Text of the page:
Let $k : \mathbb{N}^{>0} \to \mathbb{R}$ be such that $k_n = n(t^{1/n} - 1)$, where $t \in [0, 1] \subset \mathbb{R}$. Note that $\lim_{n \to \infty} k_n = \log(t)$. The plot of $k$ for a given $t$ seems to be decreasing. Prove that $k$ is decreasing.

  • $\begingroup$ I would have thought $n(t^{1/n} - 1) \le 0$ if $0 \le t \le 1$ $\endgroup$ – Henry Nov 17 '14 at 21:52
  • $\begingroup$ Yes, and $\log(t)\lt0$ for $t$ in $(0,1)$... $\endgroup$ – Did Nov 17 '14 at 22:00

Let $s=t^{1/(n(n+1))}$ then $t^{1/n}=s^{n+1}$ and $t^{1/(n+1)}=s^n$ hence $k_{n+1}-k_n=u(s)$ where, for every $x$, $u(x)=(n+1)x^n-nx^{n+1}-1$. One sees that $u(1)=0$ and that $u'(x)=n(n+1)x^{n-1}(1-x)\gt0$ for every $x$ in $(0,1)$. This implies that $u(x)\lt0$ for every $x$ in $(0,1)$ hence $k_{n+1}\lt k_n$.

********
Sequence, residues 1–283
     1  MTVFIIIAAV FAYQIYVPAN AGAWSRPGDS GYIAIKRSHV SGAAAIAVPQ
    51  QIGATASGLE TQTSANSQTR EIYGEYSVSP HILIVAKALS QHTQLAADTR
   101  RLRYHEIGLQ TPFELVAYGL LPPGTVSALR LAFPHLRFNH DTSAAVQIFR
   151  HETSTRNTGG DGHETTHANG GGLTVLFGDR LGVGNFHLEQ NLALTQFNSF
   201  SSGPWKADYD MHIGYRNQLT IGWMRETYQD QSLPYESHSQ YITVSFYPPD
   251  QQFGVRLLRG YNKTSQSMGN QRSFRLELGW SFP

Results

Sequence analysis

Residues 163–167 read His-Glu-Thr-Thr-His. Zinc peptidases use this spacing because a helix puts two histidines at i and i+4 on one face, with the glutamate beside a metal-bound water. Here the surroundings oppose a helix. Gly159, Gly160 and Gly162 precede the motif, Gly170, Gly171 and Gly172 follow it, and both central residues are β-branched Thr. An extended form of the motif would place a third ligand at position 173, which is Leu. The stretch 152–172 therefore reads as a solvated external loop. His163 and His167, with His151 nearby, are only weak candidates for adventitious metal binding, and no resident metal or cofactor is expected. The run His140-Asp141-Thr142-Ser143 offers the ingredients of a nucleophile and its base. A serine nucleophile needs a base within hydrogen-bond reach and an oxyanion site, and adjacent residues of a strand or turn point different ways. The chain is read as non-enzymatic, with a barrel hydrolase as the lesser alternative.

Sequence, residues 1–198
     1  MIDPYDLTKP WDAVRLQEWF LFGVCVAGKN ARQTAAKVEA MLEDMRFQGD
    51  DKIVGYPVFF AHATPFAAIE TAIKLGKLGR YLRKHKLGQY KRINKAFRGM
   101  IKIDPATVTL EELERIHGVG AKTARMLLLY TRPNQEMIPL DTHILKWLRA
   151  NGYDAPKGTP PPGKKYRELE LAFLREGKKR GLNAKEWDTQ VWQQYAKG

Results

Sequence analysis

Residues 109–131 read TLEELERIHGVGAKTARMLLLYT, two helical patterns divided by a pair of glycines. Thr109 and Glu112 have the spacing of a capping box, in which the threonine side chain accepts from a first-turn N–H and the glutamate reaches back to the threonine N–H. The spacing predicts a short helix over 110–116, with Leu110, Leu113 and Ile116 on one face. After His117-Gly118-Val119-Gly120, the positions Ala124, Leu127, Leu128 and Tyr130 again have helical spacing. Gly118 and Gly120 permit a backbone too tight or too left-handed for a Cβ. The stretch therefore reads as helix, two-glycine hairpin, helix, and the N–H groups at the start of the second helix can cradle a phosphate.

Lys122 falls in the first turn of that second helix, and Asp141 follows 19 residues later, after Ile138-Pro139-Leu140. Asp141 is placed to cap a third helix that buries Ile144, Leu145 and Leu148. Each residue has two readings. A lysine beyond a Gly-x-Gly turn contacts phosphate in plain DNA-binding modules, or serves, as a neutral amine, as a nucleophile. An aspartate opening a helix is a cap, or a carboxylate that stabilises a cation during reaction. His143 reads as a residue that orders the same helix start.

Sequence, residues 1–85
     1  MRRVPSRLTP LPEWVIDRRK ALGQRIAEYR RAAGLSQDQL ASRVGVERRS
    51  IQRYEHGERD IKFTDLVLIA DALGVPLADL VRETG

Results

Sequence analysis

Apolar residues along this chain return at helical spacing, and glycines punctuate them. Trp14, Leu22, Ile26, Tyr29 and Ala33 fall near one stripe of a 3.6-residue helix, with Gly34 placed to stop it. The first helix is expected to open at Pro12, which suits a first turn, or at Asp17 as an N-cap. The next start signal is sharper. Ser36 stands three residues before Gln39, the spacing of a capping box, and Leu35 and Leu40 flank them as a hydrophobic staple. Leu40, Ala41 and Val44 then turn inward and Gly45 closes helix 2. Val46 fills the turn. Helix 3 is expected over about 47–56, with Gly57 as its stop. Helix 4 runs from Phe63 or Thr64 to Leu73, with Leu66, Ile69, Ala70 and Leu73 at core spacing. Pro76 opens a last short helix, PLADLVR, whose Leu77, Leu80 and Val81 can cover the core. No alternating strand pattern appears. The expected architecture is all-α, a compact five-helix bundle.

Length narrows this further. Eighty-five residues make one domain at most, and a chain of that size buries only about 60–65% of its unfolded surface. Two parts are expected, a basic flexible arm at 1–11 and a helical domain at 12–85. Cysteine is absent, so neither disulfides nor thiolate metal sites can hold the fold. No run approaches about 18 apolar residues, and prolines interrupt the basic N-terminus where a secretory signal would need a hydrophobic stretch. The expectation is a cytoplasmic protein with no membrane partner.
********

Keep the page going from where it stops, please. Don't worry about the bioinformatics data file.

• $\begingroup$ That's clever, and seems valid to me. I had trouble because of the differing exponents of t in the forward-difference. This takes care of them neatly right at the beginning. $\endgroup$ – kaba Nov 17 '14 at 22:17
  • $\begingroup$ Yes, the trick is not necessary for the proof, but it might make it easier to follow. $\endgroup$ – Did Nov 17 '14 at 22:25

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